No one disputes that marijuana is a harmful, addictive drug that has adverse effects on the physical and mental wellbeing of users.
These effects are accentuated on developing teenage brains.
Legalising cannabis use is in effect "legitimising" it so we will see an inevitable increase in its use by teenagers. My experience as a secondary school principal of 17 years tells me we will see more teenagers take it up if legalised.
This in turn will lead to more of the following behaviours in teenage users; driving while drugged, depression, suicidal ideation, poor academic results, truanting, and antisocial behaviour including crime and violence.
I have no confidence that the regulation proposed in the bill will work. Regulation has been a dismal failure with alcohol where binge drinking and drunk driving by under 18-year-olds remain persistent problems despite laws in place prohibiting it.
The same could also be said of vaping and synthetic cannabis which many teenagers engage in and where the law has failed miserably. We do not wish to criminalise teenagers for using cannabis and certainly the first options should always be an educative and therapeutic approach.
If this fails however there must be a final deterrent by having it remain on the statute books as a crime.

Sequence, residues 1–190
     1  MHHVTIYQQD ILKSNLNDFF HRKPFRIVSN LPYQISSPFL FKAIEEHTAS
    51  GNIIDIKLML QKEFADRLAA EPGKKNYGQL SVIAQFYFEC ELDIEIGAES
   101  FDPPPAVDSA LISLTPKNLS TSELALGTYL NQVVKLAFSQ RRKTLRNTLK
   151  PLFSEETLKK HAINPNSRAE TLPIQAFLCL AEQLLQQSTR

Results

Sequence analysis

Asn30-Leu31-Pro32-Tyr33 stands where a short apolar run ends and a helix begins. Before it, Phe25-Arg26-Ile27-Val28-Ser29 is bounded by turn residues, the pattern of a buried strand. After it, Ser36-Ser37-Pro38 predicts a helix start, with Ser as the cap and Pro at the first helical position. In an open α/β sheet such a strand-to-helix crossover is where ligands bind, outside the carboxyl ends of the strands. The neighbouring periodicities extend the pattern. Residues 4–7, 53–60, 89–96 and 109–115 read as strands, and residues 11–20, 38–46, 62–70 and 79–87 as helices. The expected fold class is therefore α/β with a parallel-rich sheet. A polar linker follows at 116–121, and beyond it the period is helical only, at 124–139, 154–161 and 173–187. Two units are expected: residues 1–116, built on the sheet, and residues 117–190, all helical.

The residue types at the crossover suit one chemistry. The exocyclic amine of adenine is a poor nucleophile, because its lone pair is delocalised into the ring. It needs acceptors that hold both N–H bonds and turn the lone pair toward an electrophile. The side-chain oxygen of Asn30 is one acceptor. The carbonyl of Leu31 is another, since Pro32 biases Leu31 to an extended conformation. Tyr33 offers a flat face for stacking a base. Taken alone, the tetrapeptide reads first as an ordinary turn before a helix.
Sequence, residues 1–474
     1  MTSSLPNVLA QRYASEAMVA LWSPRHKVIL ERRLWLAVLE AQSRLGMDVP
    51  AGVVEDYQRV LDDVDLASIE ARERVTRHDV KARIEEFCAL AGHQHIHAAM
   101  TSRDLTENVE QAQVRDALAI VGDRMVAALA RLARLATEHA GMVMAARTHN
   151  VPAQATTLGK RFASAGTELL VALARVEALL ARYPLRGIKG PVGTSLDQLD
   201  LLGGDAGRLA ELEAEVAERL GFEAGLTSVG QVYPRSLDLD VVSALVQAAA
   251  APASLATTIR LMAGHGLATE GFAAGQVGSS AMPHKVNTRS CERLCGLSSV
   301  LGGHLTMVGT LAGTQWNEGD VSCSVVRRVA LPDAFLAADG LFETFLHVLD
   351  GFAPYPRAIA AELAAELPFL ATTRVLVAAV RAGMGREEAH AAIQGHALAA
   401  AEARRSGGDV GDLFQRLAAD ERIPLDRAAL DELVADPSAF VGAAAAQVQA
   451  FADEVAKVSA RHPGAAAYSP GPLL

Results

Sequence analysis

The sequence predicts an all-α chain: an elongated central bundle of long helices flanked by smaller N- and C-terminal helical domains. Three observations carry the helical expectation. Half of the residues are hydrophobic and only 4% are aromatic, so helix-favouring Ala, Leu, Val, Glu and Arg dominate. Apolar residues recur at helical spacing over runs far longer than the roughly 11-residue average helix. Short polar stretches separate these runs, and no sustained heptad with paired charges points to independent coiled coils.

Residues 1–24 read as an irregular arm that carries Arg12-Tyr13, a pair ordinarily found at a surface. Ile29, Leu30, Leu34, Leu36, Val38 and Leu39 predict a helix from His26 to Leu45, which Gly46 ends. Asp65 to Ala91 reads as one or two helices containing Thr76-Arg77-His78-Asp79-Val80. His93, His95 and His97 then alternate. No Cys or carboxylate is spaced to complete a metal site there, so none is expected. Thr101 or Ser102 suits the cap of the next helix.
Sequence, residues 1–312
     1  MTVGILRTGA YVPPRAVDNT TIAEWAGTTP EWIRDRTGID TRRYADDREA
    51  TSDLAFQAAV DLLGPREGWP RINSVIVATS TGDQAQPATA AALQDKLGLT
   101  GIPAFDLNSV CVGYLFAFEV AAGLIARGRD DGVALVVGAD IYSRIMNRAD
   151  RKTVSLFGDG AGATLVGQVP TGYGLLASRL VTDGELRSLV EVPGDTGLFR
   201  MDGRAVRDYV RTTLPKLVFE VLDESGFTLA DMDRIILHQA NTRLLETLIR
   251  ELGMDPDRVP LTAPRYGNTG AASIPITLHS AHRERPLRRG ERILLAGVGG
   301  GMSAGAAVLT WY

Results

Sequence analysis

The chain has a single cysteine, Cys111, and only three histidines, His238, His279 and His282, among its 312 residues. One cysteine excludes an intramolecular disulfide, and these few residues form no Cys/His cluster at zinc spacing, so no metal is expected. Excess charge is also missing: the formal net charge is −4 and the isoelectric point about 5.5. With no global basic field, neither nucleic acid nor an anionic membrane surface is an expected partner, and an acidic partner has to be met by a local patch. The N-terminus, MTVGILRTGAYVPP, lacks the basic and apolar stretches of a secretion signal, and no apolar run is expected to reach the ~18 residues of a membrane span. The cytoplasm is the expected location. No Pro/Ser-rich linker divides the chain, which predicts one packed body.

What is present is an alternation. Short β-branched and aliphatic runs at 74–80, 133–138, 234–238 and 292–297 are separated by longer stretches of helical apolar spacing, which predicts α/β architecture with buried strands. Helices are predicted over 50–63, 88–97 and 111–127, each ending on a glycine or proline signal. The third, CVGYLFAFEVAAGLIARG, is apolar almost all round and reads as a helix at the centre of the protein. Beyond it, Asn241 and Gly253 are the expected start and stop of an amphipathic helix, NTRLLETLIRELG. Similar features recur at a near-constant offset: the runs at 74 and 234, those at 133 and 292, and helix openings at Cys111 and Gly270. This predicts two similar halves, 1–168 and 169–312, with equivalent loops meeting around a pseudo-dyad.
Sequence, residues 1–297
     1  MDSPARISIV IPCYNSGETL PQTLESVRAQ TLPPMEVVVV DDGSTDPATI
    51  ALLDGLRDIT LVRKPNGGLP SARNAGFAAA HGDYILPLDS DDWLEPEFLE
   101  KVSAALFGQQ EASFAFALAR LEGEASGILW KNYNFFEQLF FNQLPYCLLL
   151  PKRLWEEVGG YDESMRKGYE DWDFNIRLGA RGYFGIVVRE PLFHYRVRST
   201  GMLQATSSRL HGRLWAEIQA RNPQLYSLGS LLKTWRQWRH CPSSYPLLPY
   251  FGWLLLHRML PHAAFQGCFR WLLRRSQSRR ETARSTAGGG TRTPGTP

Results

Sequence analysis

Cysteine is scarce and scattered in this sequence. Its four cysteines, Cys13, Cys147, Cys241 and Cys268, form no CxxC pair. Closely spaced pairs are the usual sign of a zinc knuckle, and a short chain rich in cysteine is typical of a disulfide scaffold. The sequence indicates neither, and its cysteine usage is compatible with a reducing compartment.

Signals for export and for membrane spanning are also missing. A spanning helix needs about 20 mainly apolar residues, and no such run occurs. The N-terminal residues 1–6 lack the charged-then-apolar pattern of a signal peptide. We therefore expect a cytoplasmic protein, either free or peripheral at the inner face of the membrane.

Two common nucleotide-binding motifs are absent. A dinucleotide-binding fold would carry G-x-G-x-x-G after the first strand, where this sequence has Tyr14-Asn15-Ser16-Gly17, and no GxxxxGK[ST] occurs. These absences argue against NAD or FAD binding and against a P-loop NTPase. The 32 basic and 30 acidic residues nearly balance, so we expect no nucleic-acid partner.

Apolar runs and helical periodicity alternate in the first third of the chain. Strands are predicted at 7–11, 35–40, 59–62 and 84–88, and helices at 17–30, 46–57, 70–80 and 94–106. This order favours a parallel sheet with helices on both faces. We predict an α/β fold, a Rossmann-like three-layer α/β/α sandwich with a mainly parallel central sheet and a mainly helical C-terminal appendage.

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As a principal I have seen first hand the devastating effects of cannabis use on teenagers, their whanau and other victims. These other victims include the innocent drivers they hit, those assaulted and employers when there is a no show at work.
To be clear, I fully support medicinal use of cannabis prescribed by a doctor with a clear medical purpose. What we are being asked however in this referendum is to vote "Yes" to recreational cannabis use so people can get a legal high.
In my view this would not only a bad decision for New Zealand society but a disaster for our young people.
- Patrick Walsh is principal at Rotorua's John Paul College and a past president of the Secondary Principals' Association of New Zealand.